Wrongful Termination and Employment Discrimination Litigation
In California, an employee can be terminated for no reason, or for any reason. This is known as "at will" employment. Unless the employee has an agreement or is given other assurances to the contrary, all employment in California is considered "at will." However, the law prevents employers from terminating, from demoting, from failing to promote, and from engaging in many other adverse employment actions, if the employer's actions are motivated by an intent prohibited by law. Pedersen Lawcan aggressively and successfully protect an employee's interests when employers wrongfully discriminate or terminate employees in violation of the law.
Our experienced litigators can handle a wide variety of employment litigation matters:
- Wrongful Termination in Violation of Public Policy
- Disability Discrimination
- Age Discrimination
- Gender Discrimination
- Race or Culture Discrimination
- Sexual Harassment
- Retaliation Claims
- Family Medical Leave Act Claims
- Wage/hour disputes
Many times, employers attempt to force their employees into arbitration on these kinds of disputes. This is because arbitration before a retired judge usually results in a much lower damage award than if awarded by a jury. We are very aware of the law regarding when an employer can get away with that move, and we have been successful many times in defeating the employer's attempt to take the matter away from a jury and give it to a judge. In those cases where the employer prevails and the matter is arbitrated, we have effectively arbitrated matters to successful conclusion nonetheless.
It is unlawful to terminate someone when the motive to do so is in violation of a fundamental public policy of the State of California. If you have been terminated for engaging in a protected activity (such as reporting wrongful conduct or refusing to engage in improper conduct) or because you are a member of a protected class of employees, PL can prosecute your claim. If successful, you will be entitled to recover your financial losses and emotional distress caused by the employer's wrongful conduct, along with possibly other elements of damage.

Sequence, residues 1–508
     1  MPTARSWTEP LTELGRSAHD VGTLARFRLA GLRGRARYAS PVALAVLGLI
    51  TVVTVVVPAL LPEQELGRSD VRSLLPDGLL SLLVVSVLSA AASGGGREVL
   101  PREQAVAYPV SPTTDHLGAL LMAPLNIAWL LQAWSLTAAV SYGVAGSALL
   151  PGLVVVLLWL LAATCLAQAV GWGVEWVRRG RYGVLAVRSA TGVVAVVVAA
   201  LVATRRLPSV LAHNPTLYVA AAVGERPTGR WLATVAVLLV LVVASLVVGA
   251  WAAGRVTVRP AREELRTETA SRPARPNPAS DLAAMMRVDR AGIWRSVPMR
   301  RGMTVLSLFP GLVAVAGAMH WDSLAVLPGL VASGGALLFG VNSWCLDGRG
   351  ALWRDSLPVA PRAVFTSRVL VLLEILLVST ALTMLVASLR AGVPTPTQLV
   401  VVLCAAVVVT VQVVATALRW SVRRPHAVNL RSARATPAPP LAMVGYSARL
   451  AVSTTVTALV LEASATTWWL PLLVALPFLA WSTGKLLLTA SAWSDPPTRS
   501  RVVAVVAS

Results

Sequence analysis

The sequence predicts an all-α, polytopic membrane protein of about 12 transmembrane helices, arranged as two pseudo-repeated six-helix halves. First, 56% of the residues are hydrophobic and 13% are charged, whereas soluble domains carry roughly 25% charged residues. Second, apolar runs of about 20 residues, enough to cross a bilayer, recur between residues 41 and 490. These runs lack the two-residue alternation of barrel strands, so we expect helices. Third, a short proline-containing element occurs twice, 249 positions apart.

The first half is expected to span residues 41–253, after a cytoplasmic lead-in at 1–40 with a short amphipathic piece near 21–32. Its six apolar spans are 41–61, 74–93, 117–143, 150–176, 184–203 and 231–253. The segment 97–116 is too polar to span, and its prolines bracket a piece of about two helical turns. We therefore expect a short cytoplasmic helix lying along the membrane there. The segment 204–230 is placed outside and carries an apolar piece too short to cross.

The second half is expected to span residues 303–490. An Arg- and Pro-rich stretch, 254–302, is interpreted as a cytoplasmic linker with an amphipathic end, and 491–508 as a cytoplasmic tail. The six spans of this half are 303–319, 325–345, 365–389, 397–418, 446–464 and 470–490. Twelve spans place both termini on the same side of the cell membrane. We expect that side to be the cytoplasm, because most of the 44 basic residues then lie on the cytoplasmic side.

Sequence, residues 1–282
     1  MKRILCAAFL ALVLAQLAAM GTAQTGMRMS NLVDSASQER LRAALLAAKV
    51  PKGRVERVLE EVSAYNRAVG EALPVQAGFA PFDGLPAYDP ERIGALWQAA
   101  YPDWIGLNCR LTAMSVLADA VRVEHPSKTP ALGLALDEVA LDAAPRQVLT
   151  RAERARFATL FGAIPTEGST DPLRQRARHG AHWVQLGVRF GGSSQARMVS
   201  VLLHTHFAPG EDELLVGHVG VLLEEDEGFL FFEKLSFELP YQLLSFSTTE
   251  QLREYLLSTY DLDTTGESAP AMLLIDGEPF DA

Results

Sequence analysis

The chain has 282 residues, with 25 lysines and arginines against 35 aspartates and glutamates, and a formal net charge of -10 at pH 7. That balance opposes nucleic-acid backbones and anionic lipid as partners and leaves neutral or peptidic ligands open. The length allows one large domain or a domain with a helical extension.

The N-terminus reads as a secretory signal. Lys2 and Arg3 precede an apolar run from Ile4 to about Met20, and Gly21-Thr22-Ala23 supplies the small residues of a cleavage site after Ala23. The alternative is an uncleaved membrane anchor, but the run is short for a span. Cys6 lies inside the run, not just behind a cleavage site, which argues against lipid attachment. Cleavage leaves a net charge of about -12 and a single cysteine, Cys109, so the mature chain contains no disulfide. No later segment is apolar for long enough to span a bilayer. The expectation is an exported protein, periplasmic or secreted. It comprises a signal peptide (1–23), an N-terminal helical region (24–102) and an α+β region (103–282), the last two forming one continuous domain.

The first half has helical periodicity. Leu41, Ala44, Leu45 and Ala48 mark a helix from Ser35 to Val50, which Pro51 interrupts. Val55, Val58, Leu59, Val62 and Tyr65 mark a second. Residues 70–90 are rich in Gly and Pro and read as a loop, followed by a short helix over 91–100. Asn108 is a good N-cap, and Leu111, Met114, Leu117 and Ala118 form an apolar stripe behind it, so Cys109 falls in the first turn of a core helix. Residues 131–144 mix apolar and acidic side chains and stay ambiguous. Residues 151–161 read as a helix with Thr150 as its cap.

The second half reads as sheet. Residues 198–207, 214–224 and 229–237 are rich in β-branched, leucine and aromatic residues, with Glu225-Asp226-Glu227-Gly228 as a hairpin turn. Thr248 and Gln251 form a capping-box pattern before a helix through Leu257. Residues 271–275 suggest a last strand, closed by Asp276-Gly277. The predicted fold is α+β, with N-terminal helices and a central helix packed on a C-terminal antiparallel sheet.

It is generally unlawful in this State to fail to accommodate persons with disabilities in the workplace. However, we have seen time and again where an employer essentially discards an otherwise good employee simply because they have suffered an injury or condition that makes them a little slower or different. If you suffer an injury or serious medical condition while employed (whether work-related or otherwise), your employer is required by law to try to work with you to find a way to accommodate your medical restrictions. If your employer fails to engage in a proper interactive process with you, or fails to provide you with reasonable accommodations for your restrictions such that you can go back to work, the employer may be liable to you for violation of the Fair Employment and Housing Act (FEHA). If proved, a violation of FEHA allows you to recover for all financial loss and emotional distress caused by the violation. FEHA also allows successful plaintiffs to recover attorney fees from the offending employer, and there is a possibility of punitive damages as well.
Unfortunately, many employers believe it is better to favor the faster, stronger, younger generation over the most experienced and wise of our society when making employment decisions. However, both state and federal law aggressively protect persons of age against discrimination in the workplace. If you have been terminated, demoted, refused a promotion, or paid less because of your age, your employer may have violated the Fair Employment and Housing Act or other laws that protect you.